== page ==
Look, I know it only happens once a year, and I know it shouldn’t be a big deal, but here’s a confession: I hate Halloween.
I hate Halloween. I dislike dressing up. Seriously dislike it. Hated it even as a kid. It makes me itchy, just sitting here thinking about putting together a costume.
Additionally, I’m a gigantic scaredy cat, so any of the more “grown-up” Halloween things to do like haunted houses or corn mazes or horror films–all a big no-no for me. Forget about a quiet stroll; there will be costumed children or worse, drunken adults, everywhere.
So, in the spirit of Halloween haters everywhere, I’ve come up with a list of things that have nothing to do with costumes, fighting with fake cobwebs, or horror double-features.
- Take yourself to a nice restaurant. Like, a really nice one that’s usually hard to get into. Seriously. Nice places to eat are always, well, dead, on holidays-that-aren’t-holidays, like Halloween or St. Patrick’s Day. Call up, make a reservation, and dine on something delicious that has nothing to do with candy corn.
- Spend some time on the internet. Calculate the cost of what you would have spent on dressing up as whatever-you-would-have-gone-as. Take that amount of money, and spend it on something completely frivolous but fun. Need a new pair of shoes? A night at the movies with an extra-large popcorn? Consider these treats your reward for not having a thing to do with Halloween.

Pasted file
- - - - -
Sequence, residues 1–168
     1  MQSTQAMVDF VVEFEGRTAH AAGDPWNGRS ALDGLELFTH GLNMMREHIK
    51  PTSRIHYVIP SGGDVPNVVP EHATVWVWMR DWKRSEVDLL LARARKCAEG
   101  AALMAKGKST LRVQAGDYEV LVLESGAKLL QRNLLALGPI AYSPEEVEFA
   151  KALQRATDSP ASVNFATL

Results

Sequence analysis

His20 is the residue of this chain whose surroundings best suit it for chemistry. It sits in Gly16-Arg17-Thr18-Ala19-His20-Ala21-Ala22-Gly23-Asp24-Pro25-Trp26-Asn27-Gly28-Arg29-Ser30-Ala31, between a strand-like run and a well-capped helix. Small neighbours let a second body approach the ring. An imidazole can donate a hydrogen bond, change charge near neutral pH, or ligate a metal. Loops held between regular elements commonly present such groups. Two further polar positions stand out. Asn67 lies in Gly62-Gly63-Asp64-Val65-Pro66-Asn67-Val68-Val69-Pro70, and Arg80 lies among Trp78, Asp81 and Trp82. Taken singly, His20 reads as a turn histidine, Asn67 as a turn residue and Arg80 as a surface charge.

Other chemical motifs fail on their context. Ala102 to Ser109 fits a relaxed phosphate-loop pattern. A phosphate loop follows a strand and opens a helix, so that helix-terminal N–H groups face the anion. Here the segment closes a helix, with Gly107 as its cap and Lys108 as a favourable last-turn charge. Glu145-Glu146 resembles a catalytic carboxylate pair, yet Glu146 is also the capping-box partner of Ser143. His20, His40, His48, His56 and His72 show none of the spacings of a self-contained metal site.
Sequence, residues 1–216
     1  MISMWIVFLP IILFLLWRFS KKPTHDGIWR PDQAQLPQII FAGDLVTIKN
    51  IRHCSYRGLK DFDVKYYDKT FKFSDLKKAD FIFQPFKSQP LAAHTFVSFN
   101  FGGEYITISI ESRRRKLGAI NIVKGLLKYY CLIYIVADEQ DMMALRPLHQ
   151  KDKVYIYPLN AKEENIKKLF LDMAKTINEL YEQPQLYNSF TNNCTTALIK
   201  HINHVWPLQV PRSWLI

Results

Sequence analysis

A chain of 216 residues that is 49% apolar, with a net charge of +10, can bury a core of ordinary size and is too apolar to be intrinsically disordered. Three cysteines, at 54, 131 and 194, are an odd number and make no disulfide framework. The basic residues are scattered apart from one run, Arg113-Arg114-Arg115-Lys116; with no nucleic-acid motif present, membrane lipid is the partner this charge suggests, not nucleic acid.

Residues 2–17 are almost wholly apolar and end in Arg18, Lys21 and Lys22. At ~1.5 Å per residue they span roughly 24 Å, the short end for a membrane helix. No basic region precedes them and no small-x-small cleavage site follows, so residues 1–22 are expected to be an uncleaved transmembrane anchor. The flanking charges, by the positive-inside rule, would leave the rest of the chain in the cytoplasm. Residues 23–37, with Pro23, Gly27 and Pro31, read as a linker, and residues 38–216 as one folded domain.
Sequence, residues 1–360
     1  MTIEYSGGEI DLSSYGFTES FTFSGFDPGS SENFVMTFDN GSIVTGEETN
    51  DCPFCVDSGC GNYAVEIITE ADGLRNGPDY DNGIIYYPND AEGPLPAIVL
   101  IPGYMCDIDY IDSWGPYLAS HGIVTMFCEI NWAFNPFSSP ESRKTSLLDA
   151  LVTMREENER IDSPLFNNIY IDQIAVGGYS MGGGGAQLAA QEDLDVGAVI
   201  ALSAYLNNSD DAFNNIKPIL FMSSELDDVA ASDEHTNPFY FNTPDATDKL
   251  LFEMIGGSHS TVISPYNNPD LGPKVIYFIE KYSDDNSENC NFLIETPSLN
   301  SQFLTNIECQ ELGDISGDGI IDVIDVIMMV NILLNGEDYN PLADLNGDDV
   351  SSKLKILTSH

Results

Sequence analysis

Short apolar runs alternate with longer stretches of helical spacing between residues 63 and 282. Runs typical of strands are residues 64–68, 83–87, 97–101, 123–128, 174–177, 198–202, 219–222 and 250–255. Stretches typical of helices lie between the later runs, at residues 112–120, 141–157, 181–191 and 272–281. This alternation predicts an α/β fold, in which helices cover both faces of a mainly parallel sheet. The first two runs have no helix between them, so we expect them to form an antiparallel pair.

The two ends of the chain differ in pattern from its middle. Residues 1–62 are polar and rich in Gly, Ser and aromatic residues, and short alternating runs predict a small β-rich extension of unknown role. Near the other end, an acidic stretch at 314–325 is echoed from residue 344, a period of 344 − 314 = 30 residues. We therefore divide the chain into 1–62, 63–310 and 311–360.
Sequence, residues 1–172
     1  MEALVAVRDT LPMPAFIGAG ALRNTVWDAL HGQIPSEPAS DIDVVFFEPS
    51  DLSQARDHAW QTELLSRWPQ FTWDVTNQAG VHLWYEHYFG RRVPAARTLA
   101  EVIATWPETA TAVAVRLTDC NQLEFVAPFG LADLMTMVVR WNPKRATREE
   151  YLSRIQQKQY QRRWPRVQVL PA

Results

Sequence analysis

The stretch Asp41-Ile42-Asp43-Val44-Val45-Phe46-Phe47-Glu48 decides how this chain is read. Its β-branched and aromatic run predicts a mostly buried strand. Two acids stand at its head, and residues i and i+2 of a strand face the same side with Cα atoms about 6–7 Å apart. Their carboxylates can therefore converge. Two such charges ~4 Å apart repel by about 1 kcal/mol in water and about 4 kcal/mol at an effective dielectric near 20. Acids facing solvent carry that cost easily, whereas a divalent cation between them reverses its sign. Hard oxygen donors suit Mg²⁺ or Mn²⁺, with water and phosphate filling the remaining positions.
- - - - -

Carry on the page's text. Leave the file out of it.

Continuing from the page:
- Don't answer the door. Don’t feel like you have to cower in your house, listening to little hands press insistently on your doorbell, on their zombie-like quest for processed sugar. If, however, you don’t want to seem like a Scrooge, do the diplomatic thing and put a bowl of candy on your front porch. Then feel free to cower in your home, but know that you’ve done your (patriotic? neighborly?) duty. Rent a movie. Binge-watch Gilmore Girls. Enjoy some quality time with your TV.
- Run errands. This is especially key if you live in a big city. Hate waiting in line at Costco? Does Target at full-tilt freak you out? Do you need to do laundry at a laundromat? Do all of these things on Halloween, because all of the people who are normally doing them will be either dressing up their children, handing out candy, or, in the case of a certain kind of adult, dressing up and drinking.
- Treat yourself. Wait until the day of Halloween. Hop on Priceline. Book a super-posh hotel at a cut rate. Check in. Order room service (preferably a club sandwich, the only thing, for some reason, that room service can ever make that’s any good). Jump up and down on the bed. Feel joy.
- Prepare to do some shopping. While I hate Halloween, there is one redeeming feature: candy prices are slashed on November 1. Take a break from your Day of the Dead festivities to stock up on mini-candy bars. Put them in the freezer. Eat them when you feel sad; the chocolate will make you feel better, sure, but, as my mama taught me to bargain shop from a young age, I always get a little kick out of knowing I got a bargain.